On Monday, I got a message that said, “Your email box is full. Please delete items.”
I got this same message about a year ago, too. My, how time flies. It does not seem like it has been a year. Turns out it was not a year; it was only six months. I can’t delete that email without wondering if I will need it again. It took all day to go through those emails.
I thought this bad habit was just at work, but it turns out I am hanging onto things at home, too. And the mess is worse. I now have six 30-quart plastic tubs that I cannot throw away…and have no place to store.
The email prompted a spring cleaning storm at work and at home. You know – spring cleaning - when you decide you have to clean up everything and throw out the old stuff. That is easier than it sounds.
When I started going through the boxes at home I found treasures. How could I put my grandbaby’s handprint from kindergarten in the trash? I know that wooden rifle is broken but Ben won that for shooting targets at Boy Scout camp (30 years ago). And the corn kernels are falling off the rooster picture, but it was so cute when it was new; and it is the only art project I have from Brian.
I actually took a class called Getting Rid of Clutter. It did not take, but I did learn some pretty good ideas. For one, if you sort your mail over the trashcan, you can throw the junk mail away right away instead of stacking it on the tables and counters. This suggestion became a habit and I still use it.
When I took the class, I thought the “maybe box” was the best idea. Sometimes when you’re going through that pile of stuff, you know exactly what to keep (the stuff you love and use) and what to trash or donate. But then there’s other stuff you don’t use, but think you might want or need someday. So create a “maybe box,” and put this stuff there. Put the box somewhere, out of the way. Then pull it out six months later, and see if it’s anything you really needed. Usually, you can just dump the whole box because you never needed those things and did not miss them during the six-month period.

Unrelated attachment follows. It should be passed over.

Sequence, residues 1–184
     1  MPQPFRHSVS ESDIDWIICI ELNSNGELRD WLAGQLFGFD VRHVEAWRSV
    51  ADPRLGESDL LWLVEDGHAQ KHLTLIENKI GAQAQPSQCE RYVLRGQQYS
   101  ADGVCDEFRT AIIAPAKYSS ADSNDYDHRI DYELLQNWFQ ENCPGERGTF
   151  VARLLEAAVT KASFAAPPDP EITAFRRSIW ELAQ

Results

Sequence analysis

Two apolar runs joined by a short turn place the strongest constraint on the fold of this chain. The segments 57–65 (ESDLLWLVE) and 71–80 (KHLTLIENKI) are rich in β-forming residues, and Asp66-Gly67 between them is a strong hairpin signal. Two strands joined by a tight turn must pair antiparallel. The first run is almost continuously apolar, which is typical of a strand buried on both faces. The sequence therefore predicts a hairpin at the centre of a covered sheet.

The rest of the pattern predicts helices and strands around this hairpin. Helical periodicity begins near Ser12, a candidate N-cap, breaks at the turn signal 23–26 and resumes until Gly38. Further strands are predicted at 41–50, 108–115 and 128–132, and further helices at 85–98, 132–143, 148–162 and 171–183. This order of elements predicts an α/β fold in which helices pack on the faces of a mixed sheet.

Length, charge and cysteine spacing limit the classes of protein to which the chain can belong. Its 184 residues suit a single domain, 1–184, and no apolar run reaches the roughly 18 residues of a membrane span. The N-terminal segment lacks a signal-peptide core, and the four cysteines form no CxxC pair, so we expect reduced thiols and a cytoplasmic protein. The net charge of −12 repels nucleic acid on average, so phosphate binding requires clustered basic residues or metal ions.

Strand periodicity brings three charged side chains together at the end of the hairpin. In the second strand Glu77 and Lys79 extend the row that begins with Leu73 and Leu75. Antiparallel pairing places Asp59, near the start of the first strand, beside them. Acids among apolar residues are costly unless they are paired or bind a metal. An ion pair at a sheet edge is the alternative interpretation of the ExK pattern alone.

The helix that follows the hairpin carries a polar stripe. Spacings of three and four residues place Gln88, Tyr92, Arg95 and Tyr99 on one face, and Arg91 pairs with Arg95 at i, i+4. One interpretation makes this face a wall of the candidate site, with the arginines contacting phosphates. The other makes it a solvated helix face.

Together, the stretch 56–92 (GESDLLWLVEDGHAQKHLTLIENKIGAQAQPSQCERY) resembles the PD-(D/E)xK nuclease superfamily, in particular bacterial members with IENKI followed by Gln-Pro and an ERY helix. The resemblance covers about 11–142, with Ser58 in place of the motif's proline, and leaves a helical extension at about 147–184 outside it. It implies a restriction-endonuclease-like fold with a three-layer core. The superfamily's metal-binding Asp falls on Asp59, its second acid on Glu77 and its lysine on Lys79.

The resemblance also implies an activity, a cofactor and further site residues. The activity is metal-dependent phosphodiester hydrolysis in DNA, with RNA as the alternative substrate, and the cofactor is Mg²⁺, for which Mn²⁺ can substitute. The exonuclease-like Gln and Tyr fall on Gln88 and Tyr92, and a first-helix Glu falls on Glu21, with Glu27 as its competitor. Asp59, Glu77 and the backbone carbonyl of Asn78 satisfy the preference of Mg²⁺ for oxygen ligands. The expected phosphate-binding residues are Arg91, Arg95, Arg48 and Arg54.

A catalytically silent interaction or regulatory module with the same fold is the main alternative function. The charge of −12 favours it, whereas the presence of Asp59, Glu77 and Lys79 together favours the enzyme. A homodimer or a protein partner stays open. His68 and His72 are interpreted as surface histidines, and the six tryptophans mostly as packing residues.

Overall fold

Very soon we will be starting a new year. Starting a new year is the time to start new habits. Whether you are looking to organize your stuff or you want to manager your time, you can find new ideas, and/or new habits, at Athens State University’s Center for Lifelong Learning.
This winter/spring 2020, we will offer classes in Time Management, Table Talks on the Hubble Space Telescope and the Dead Sea Scrolls, as well as Painting for Beginners, Sign Language, and cooking classes using spices from around the world.
Watch for information on our website – www.athens.edu/CLL or call us at 256-233-8260 for more information.
By: Wanda Campbell
Center for Lifelong Learning - 121 South Marion Street, Athens, AL 35611 - 256-233-8262